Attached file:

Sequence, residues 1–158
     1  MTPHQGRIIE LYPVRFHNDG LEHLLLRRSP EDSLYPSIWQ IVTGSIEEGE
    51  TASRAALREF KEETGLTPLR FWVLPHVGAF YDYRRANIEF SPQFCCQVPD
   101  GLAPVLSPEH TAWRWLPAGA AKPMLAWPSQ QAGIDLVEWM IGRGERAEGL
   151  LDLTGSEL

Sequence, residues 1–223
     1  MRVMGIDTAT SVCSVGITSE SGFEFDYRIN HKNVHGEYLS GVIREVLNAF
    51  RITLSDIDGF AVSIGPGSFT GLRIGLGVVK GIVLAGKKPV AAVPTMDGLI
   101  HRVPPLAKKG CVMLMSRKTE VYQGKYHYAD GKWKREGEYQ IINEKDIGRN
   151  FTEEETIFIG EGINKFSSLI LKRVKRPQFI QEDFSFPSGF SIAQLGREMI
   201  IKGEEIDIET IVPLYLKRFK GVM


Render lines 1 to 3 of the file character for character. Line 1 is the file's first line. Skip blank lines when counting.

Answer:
Sequence, residues 1–158
     1  MTPHQGRIIE LYPVRFHNDG LEHLLLRRSP EDSLYPSIWQ IVTGSIEEGE
    51  TASRAALREF KEETGLTPLR FWVLPHVGAF YDYRRANIEF SPQFCCQVPD